The memory may include, for example, flash memory and/or NVRAM memory, as discussed below. In one implementation, a computer program product is tangibly embodied in an information carrier. The computer program product contains instructions that, when executed, perform one or more methods, such as those described above. The information carrier is a computer- or machine-readable medium, such as the memory 1064, expansion memory 1074, memory on processor 1052, or a propagated signal that may be received, for example, over transceiver 1068 or external interface 1062.

Device 1050 may communicate wirelessly through communication interface 1066, which may include digital signal processing circuitry where necessary. Communication interface 1066 may provide for communications under various modes or protocols, such as GSM voice calls, SMS, EMS, or MMS messaging, CDMA, TDMA, PDC, WCDMA, CDMA2000, or GPRS, among others. Such communication may occur, for example, through radio-frequency transceiver 1068. In addition, short-range communication may occur, such as using a Bluetooth, WiFi, or other such transceiver (not shown). In addition, GPS (Global Positioning System) receiver module 1070 may provide additional navigation- and location-related wireless data to device 1050, which may be used as appropriate by applications running on device 1050.

Device 1050 may also communicate audibly using audio codec 1060, which may receive spoken information from a user and convert it to usable digital information. Audio codec 1060 may likewise generate audible sound for a user, such as through a speaker, e.g., in a handset of device 1050. Such sound may include sound from voice telephone calls, may include recorded sound (e.g., voice messages, music files, etc.) and may also include sound generated by applications operating on device 1050.

The computing device 1050 may be implemented in a number of different forms, as shown in the figure. For example, it may be implemented as a cellular telephone 1080. It may also be implemented as part of a smartphone 1082, personal digital assistant, or other similar mobile device.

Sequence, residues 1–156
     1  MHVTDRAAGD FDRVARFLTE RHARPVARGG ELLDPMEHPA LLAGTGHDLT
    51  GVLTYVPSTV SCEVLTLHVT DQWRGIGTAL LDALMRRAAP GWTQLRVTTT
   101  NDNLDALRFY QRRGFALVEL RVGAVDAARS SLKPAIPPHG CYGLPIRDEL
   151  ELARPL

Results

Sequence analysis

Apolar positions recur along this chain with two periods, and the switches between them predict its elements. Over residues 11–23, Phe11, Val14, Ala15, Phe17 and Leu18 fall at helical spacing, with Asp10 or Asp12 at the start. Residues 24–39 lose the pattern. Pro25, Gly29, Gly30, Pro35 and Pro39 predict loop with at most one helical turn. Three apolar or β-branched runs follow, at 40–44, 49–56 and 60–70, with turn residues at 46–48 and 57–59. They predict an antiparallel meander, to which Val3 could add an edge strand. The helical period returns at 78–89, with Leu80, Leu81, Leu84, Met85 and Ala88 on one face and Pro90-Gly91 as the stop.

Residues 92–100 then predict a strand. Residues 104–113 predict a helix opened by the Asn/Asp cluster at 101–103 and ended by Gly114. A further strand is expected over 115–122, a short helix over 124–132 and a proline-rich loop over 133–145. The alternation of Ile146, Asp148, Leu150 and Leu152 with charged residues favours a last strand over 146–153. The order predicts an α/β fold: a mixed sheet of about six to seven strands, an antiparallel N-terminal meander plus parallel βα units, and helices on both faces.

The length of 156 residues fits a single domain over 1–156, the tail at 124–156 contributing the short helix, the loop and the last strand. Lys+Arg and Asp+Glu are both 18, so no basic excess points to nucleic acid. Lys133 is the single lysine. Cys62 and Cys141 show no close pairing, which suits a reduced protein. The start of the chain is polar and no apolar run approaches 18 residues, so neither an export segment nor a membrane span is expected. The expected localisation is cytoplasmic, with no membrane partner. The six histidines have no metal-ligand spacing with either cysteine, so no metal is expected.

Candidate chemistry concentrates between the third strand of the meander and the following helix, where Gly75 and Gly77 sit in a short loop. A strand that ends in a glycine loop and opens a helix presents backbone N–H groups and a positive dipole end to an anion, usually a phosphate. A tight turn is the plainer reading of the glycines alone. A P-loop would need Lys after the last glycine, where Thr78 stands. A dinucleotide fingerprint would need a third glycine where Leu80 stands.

Various implementations of the systems and techniques described here can be realized in digital electronic circuitry, integrated circuitry, specially designed ASICs (application specific integrated circuits), computer hardware, firmware, software, and/or combinations thereof. These various implementations can include implementation in one or more computer programs that are executable and/or interpretable on a programmable system including at least one programmable processor, which may be special or general purpose, coupled to receive data and instructions from, and to transmit data and instructions to, a storage system, at least one input device, and at least one output device.

These computer programs (also known as programs, software, software applications or code) include machine instructions for a programmable processor, and can be implemented in a high-level procedural and/or object-oriented programming language, and/or in assembly/machine language. As used herein, the terms “machine-readable medium” “computer-readable medium” refers to any computer program product, apparatus and/or device (e.g., magnetic discs, optical disks, memory, Programmable Logic Devices (PLDs)) used to provide machine instructions and/or data to a programmable processor, including a machine-readable medium that receives machine instructions as a machine-readable signal. The term “machine-readable signal” refers to any signal used to provide machine instructions and/or data to a programmable processor.